FEMA tweaks to flood maps could affect Troup County homeowners
Published 12:00 am Wednesday, August 19, 2015
LaGRANGE — Upcoming changes to a government map may impact insurance premiums for some Troup County residents.
The Federal Emergency Management Agency, or FEMA, and state officials are slated to hold a meeting and open house Thursday to discuss upcoming tweaks to the government-issued Flood Insurance Rate Map, or FIRM, of Troup County and the surrounding areas.
The meeting is open to the public and scheduled for 5 p.m. to 7:30 p.m. at the Troup County Agricultural Center, 21 Vulcan Materials Road, in LaGrange. Community leaders, insurance representatives, FEMA agents and the floodplain study’s contract engineer will be available to answer questions in an informal setting, according to a press release from FEMA.
The FIRM is used to determine a community’s base flood elevations, flood zones and floodplain boundaries. The map provides homeowners with reliable, data-driven indications of what flood stage their property may sit in.
“If they (homes) are prone to potential flooding, they (homeowners) could maybe do something to minimize damage or even loss of life,” said Jay Anderson, the Troup County government’s senior building official. “Anything they can do to be aware and minimize risk is to their advantage.”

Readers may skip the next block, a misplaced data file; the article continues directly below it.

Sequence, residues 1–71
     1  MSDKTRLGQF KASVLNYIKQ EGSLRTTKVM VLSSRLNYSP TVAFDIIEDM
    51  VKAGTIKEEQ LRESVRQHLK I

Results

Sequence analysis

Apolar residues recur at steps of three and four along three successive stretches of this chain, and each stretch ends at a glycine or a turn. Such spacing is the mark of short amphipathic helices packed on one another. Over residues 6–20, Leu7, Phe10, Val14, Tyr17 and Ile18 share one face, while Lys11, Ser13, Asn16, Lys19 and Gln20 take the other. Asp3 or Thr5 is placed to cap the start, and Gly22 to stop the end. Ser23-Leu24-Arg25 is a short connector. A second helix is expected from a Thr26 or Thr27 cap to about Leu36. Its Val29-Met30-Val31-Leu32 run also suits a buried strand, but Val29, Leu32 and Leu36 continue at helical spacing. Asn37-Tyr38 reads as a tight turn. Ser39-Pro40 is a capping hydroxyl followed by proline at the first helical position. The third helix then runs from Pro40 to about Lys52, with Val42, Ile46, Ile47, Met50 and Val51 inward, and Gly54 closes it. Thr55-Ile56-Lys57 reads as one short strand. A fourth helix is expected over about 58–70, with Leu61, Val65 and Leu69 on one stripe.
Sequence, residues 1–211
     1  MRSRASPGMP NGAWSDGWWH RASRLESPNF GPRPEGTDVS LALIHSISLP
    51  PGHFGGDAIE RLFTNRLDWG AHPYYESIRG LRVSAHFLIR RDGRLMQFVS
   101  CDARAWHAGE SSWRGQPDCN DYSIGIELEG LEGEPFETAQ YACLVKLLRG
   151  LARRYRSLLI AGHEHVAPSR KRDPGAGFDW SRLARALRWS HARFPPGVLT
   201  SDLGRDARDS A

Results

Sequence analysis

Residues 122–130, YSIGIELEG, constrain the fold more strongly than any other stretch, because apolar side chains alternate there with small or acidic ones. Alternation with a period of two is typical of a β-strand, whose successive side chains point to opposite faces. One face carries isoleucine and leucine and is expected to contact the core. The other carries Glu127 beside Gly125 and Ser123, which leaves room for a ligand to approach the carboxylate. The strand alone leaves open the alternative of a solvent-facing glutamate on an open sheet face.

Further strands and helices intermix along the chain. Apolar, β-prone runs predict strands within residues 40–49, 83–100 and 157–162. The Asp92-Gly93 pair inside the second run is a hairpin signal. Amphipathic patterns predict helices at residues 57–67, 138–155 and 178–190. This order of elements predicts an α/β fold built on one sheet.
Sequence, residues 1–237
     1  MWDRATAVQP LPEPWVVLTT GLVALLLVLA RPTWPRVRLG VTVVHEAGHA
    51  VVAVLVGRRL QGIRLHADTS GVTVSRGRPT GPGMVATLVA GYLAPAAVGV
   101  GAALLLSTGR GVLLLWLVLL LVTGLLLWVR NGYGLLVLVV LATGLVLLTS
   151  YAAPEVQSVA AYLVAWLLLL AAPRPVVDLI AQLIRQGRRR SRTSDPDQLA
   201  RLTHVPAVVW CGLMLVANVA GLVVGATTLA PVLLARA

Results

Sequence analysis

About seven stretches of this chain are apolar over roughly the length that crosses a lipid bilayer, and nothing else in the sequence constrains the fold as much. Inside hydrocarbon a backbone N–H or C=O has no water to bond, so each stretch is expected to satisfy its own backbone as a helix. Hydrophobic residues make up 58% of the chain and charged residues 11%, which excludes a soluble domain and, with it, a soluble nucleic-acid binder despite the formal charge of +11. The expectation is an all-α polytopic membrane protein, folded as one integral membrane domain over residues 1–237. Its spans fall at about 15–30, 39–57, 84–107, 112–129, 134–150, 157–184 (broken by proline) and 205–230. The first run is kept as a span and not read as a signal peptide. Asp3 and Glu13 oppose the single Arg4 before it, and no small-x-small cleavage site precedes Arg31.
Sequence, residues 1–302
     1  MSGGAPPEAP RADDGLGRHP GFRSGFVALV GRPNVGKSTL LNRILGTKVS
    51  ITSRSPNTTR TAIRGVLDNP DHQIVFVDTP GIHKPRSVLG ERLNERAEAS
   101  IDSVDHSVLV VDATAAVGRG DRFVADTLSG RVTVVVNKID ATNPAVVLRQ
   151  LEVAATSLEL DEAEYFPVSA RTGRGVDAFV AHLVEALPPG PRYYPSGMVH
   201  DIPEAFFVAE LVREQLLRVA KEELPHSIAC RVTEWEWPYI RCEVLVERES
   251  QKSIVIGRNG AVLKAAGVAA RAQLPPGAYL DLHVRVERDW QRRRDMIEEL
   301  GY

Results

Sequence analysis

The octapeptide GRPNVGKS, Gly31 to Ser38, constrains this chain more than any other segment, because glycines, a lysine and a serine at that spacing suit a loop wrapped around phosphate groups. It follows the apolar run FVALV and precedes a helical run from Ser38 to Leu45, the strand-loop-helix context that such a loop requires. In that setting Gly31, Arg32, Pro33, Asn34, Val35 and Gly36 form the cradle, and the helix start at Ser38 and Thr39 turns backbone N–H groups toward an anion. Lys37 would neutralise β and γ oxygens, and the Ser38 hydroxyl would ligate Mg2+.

Anderson explained that FEMA periodically updates the FIRM to reflect changes in “new studies, new engineering or new analysis.”
The revised study may result in increases or decreases to the regulatory flood elevations and the footprint of the floodplain boundaries, according to a letter from FEMA to Troup County officials. The map will act as the basis for the county’s continued application and enforcement of all local floodplain management regulations as required by the National Flood Insurance Program, a federally backed flood insurance program for homeowners, renters and businesses.
The preliminary flood map study will be subject to a 90-day review period of appeal and public comment. Appeals and comments received during that time will be reviewed and resolved by FEMA before a second, 180-day community compliance period begins. FEMA estimates it will take at least nine months from the date of the beginning of the 90-day review period before the FIRM is available for lending and insurance purposes.
Flooding is the nation’s most prolific natural disaster, causing an average of $2.39 billion in damages yearly between 1998 and 2007. More than 5.5 million Americans are enrolled in the National Flood Insurance Program, according to FEMA.
FloodSmart.gov is the official website of the National Flood Insurance Program and provides one-step flood risk profiles to rate a property’s risk, estimate premiums and help consumers find an insurance agent.